– If I asked you about the most memorable stories, what would you definitely include  in your book?

I think I should tell you about New Year’s Eve 2023. I named it Calamity Day. It happened near New York (a settlement in the Donetsk region, presumably founded somewhere in the 19th century, from 1951 to 2021 it had a name of Novhorodske), we were returning to “civilization” with a friend of mine. We were already going back. There’s a faster road to drive; it is perfect, not beaten, but goes through “the gray zone” — not a good idea, and I had no night light lamp with me so we had to drive with the headlights on. And so we drive, and a tire gets punctured and the shock absorber goes out. We stood there contemplating what to do. We didn’t want to leave the car and go on foot. The company commander calls us. In about half an hour, he drove a pick-up, hurrying to us. In three to four minutes he removed the wheel, changed it to a new one and just as we set out, the shelling began.


The same day we were attacked with cluster bombs. I drove to our old command and observation point, which we left because it was discovered and one of our guys was captured. Half of a building was left, one remained intact. We stored items there that we no longer needed.. So I drove there quietly and somehow forgot where I was. I stood under a tree and the fire started, fucking fire was coming from everywhere. I leaned against the tree, was so dead tired that I thought: “Dear God, if the munition strikes my car now and I’ll have to go on foot, I’ll just stay here.” Thankfully it didn’t. Late in the evening, just some ten minutes before New Year, I had half of my tooth broken. That’s the story.

I had one of my most memorable experiences when we were near Bakhmut. There is a hill from the top of which you can see the whole town. I climbed it once and shelling started, missiles were flying: both our and the enemy’s. It’s wrong to say, I know, but it was really beautiful. Fire, helicopters, just like you’re out of this world. You can’t drive that way anymore, of course.

From the times when I was in the Territorial Defense Force I remember my first encounter with shelling, and we were so silly back then. When “Grad” shelling started, raining bombs down on us, our driver was pale with fear, but we were cheerful, laughing and taking videos. Our car got a strike just a bit higher than head level. But everyone survived, nobody got wounded. Afterwards, when we saw the “work” of the “Grad,” we didn’t want to laugh anymore.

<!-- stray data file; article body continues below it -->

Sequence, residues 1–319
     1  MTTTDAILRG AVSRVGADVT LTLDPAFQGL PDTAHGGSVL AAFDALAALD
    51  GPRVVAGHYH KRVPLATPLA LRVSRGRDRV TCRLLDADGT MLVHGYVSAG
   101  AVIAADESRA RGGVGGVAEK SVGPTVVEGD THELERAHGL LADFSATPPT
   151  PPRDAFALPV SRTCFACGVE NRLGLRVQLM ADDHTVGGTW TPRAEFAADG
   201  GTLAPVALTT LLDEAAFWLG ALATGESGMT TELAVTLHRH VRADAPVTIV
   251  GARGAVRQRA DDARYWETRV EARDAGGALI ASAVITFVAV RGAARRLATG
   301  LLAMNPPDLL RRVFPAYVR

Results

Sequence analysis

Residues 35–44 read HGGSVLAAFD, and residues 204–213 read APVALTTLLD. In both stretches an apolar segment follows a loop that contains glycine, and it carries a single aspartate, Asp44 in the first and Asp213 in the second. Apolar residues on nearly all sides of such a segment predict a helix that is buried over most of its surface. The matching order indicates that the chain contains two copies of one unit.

I remember one more story from the time when we forgot two of our fellows near Irpin. They were in an ambush, and we got into cars and — whoosh! — drove past them. They only had two rifles, and that’s all. We came back to get them later, of course, but in the meantime their hair nearly turned gray.

photo courtesy of Maksym Skubenko


– I know you also have a story to tell with elements of fantasy in it, which has something to do with Harry Potter and the “Deathly Hallows.”

– Yes, I have been a Harry Potter fan ever since I was a child. When it was time to come up with a symbol for our unit, we remembered the “Deathly Hallows.” which grants  immortality. A car with this emblem on it and two of our fellows aboard were blown up by two anti-tank mines. The car was completely destroyed, but our guys survived. They were wounded, but recovered quickly. The story is fantastic, but true. And it has great value for me because one of these fellows is the first person I met on Feb. 24, the one I went into my  first battle with and with whom I still serve.


Words and Bullets is the special project by Chytomo and PEN Ukraine about Ukrainian writers and journalists that joined the army or started volunteering when Russia invaded Ukraine in February this year. The name of the media project symbolizes the weapon used by the heroes and heroines of the project before Feb. 24, which they were forced to take up after the outbreak of a full-scale war with Russia. The special project is being implemented with the support of the National Endowment for Democracy (NED).


Translated by Iryna Savyuk

Edited by Jared Goyette